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2007-08: The Early 17th Century and the Roots of Modernity (ca. 1600-1625)

07-08 Moments of Change Calendar of Events

The first quarter of the 17th century (ca. 1600-1625) was a time of remarkable development. Shakespeare, Cervantes, Caravaggio and Monteverdi were changing the course of Western literature, drama, art and music; scientific breakthroughs – Galileo’s first use of the telescope, Kepler’s new understanding of the cosmos and planetary action, Bacon’s theorizing of empiricism – laid the foundations for our modern scientific and technological world. At the same time, in the New World, the shores of Virginia received its first English settlers (1607), Quebec was colonized by the French (1608), and the “first Thanksgiving” was celebrated in Plymouth between the Pilgrims and the Wampanoags (1621).

Highlights of the year-long project include the following:

  • An opening Interdisciplinary Roundtable, comprised of a series of panel discussions, provides an overview of the significant changes taking place in the early 17th century. Panelists include Penn State faculty from history, history of religion, history of science, literature, art history, music history, and theatre history.
  • The Palmer Museum of Art will display its new painting, St. Sebestian Healed by an Angel (ca. 1601-03) by Giovanni Baglione (ca. 1573-1644), a Roman artist in the school of Caravaggio. The painting is a major gift to the Museum’s permanent collection by Penn State alumna Mary Jane Harris.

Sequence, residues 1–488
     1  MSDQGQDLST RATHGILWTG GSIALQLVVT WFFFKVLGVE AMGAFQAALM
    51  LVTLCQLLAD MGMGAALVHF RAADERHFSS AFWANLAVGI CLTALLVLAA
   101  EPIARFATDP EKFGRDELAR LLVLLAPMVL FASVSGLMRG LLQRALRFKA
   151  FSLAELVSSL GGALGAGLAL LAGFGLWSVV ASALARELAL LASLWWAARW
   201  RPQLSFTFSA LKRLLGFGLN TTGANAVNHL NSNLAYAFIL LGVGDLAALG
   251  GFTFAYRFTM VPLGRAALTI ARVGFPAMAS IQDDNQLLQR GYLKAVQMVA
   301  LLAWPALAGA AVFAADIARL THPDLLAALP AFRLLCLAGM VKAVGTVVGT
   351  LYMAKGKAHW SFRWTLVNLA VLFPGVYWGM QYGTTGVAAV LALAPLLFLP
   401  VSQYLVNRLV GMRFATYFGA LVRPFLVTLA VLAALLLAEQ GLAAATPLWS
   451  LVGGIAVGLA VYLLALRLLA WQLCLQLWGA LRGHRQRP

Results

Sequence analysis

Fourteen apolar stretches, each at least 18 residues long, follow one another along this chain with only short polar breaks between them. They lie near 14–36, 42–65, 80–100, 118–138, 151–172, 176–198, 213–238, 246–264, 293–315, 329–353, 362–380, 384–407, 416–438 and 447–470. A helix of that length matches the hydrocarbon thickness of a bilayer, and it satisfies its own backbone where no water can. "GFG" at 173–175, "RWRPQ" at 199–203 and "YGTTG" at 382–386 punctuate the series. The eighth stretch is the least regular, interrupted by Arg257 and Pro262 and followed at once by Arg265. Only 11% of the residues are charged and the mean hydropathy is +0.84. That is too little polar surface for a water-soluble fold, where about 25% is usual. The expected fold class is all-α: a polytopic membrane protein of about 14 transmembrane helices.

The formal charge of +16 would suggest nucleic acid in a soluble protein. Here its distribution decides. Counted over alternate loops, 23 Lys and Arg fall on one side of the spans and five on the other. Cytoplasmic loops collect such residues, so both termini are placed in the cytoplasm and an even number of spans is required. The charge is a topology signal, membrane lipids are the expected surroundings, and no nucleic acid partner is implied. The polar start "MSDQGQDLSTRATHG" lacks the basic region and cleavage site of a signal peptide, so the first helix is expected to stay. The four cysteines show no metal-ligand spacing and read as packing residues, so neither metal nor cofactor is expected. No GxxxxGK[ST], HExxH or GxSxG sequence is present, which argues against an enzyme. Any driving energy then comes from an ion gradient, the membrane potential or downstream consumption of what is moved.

• Theatrical productions of Shakespeare’s As You Like It (first acted 1598-1600), performed by Penn State’s School of Theatre, and of Macbeth (first acted ca. 1606), performed by Actors from the London Stage, a professional theatre troupe from England.
  • "Lobby Talk" panel discussion on William Shakespeare, featuring professional actors and literary scholars.
  • Apollo’s Fire, the internationally acclaimed Cleveland Baroque Orchestra, performs selections from Claudio Monteverdi’s L’Orfeo in commemoration of the 400th anniversary of the opera’s premiere (1607). Monteverdi changed the course of music history with L’Orfeo, the story of a lover who storms the gates of hell to win back his departed beloved, with only his lyre and his singing as weapons. The period-instrument performance also includes lively dances and haunting chamber music by Monteverdi and his contemporaries. Made possible through a partnership among the Institute for the Arts and Humanities, the Center for the Performing Arts, and the School of Music, the orchestra’s residency also includes lectures and Baroque performance workshops.
  • The first annual Josephine Berry Weiss Interdisciplinary Humanities Seminar, “Four Hundred Years Ago: A Decade in the Life of Europe and the Americas, 1599-1609,” team-taught in the Spring semester by Charlotte Houghton (art history), Marica Tacconi (musicology), and Linda Woodbridge (English literature). Weekly lectures, featuring presentations by Penn State faculty and invited guests, are free and open to the general public.
  • The Boston-based early music ensemble Music for a While presents a concert of Elizabethan, Italian, and German music from the early 17th century. They celebrate the varied repertoire of music for bowed and plucked strings (violin, viola, viola da gamba, and lute) and soprano. Music by Dowland, Campion, Morley, Monteverdi, Schütz and others.
  • graduate student research symposium provides advanced graduate students working on early 17th-century topics an opportunity to share their research with the general public.
  • series of concerts by Penn State School of Music faculty and students, featuring music from the early 17th century.
  • A year-long lecture series including presentations by Penn State faculty and by renowned invited scholars.